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Behind Booming East New York, Gentrification's Last Frontier

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As both the De Blasio administration and those betting on real estate turn their sights to the neighborhoods beyond Bushwick, Bed Stuy, and Crown Heights, prices have already begun to rise in East New York. The neighborhood has been getting attention from the De Blasio administration, which has made it clear through a looming rezoning that the impoverished neighborhood is being seriously eyed as a location for the administration's affordable housing initiative. The neighborhood has also attracted the attention of real estate speculators who are betting that the saturation of nearby neighborhoods like Bed Stuy, where median home prices have doubled since 2010, will course "the wave" of gentrification to the neighborhood. Andrew Rice's NY Mag article "The Red Hot Rubble of East New York" explores the area's shifting market, and what it means for the people who already live in the last-stop neighborhood. Here now, the most illuminating tidbits about the changing 'hood from the thought-provoking feature.

1) "On the psychographic map of a historically segregated city, the sprawling slums of eastern Brooklyn have long been considered too impoverished, crime-ridden, and hazardous for investment. But today, in an economically transformed New York, the territory represents some of the city's most important—and contested—real estate. Speculators seek profit where others fear to venture. They are rushing toward the margins ahead of an economic upheaval that people in Brooklyn real estate call 'the wave.' But the area is equally valuable to Mayor Bill de Blasio, who is eyeing it for affordable housing...To both investors and public-policy-makers, the decrepitude of these neighborhoods represents a rare, and perhaps perishing, opportunity. They're priced for the poor—at least for now."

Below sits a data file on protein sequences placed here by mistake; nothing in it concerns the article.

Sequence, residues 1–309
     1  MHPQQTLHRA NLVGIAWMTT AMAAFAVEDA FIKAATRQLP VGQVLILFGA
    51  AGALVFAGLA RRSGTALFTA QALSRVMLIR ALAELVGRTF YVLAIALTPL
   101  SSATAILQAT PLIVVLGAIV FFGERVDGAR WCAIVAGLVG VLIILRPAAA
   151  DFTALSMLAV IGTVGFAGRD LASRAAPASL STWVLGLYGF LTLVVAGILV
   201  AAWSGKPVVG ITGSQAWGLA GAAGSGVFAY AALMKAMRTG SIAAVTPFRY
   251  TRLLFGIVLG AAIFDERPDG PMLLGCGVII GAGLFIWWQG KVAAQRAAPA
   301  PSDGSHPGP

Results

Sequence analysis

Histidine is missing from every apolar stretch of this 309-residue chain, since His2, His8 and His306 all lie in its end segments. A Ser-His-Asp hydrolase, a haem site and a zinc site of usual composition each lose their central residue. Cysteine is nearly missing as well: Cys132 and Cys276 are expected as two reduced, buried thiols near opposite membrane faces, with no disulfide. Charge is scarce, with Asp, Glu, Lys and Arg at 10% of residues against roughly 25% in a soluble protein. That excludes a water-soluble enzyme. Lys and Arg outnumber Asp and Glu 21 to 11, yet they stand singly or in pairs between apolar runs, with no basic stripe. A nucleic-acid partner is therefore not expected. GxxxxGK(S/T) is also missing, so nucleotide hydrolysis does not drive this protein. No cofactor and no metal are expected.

2) Rice on the effect of de Blasio's affordable housing initiative: "In East New York, the promise of investment has had a perverse effect, pushing land and housing costs higher as speculators try to get in ahead of the redevelopment. According to RealtyTrac, home prices in the redevelopment area's Zip Codes have risen by 30 to 45 percent over the past two years, and developers say local landowners have recently doubled or tripled asking prices."

3) Throughout the article, Rice shadows a man who is working for a speculator, "McLaurin, an electrician who lives in Brooklyn, moonlights at a firm called Exit All Seasons Realty. He specializes in situations of distress. Before making the house call [to a lived-in home his firm wants to obtain], he had told me that he works to match homeowners facing foreclosure with private investors who are searching for deals. 'They hire me to come in and find these properties,' McLaurin said. 'And they're willing to pay me handsomely to do this.'"

4) "This is the last chance for the city to get it right," McLaurin said of the mayor's initiative. "Because you can't go any further east in Brooklyn."